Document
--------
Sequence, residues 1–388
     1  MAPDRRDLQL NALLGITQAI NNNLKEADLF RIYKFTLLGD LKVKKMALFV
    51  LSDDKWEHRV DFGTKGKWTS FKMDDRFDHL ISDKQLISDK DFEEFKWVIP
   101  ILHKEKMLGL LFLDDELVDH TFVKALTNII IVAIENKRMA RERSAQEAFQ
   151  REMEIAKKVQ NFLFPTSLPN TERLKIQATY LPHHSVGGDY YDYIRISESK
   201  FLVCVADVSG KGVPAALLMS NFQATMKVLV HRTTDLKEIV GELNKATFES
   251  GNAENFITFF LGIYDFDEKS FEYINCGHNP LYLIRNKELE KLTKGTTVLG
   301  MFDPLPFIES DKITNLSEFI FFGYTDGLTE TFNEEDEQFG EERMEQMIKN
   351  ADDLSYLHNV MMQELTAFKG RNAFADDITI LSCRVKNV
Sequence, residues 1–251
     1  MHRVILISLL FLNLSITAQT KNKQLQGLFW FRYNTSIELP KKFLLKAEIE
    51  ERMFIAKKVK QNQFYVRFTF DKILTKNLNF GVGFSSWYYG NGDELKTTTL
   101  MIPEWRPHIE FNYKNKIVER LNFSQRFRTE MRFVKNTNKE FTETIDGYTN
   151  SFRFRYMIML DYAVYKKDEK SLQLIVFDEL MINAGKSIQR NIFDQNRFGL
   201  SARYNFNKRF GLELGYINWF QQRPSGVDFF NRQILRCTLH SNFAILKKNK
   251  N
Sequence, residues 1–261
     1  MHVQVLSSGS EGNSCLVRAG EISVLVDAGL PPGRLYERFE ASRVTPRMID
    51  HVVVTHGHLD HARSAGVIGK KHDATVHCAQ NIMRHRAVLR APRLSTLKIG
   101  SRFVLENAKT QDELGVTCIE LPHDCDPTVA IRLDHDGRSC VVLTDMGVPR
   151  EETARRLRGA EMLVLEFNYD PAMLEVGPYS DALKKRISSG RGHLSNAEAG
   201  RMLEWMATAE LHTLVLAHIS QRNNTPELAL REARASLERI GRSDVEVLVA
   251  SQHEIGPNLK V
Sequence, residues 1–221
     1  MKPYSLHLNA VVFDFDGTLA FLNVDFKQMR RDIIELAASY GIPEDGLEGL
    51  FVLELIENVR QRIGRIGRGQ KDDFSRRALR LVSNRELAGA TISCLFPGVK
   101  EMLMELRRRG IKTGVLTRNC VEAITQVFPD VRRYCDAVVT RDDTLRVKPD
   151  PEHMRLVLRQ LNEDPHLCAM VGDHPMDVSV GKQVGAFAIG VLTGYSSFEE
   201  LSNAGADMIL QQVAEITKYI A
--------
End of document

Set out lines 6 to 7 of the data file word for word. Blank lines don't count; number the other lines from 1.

   201  FLVCVADVSG KGVPAALLMS NFQATMKVLV HRTTDLKEIV GELNKATFES
   251  GNAENFITFF LGIYDFDEKS FEYINCGHNP LYLIRNKELE KLTKGTTVLG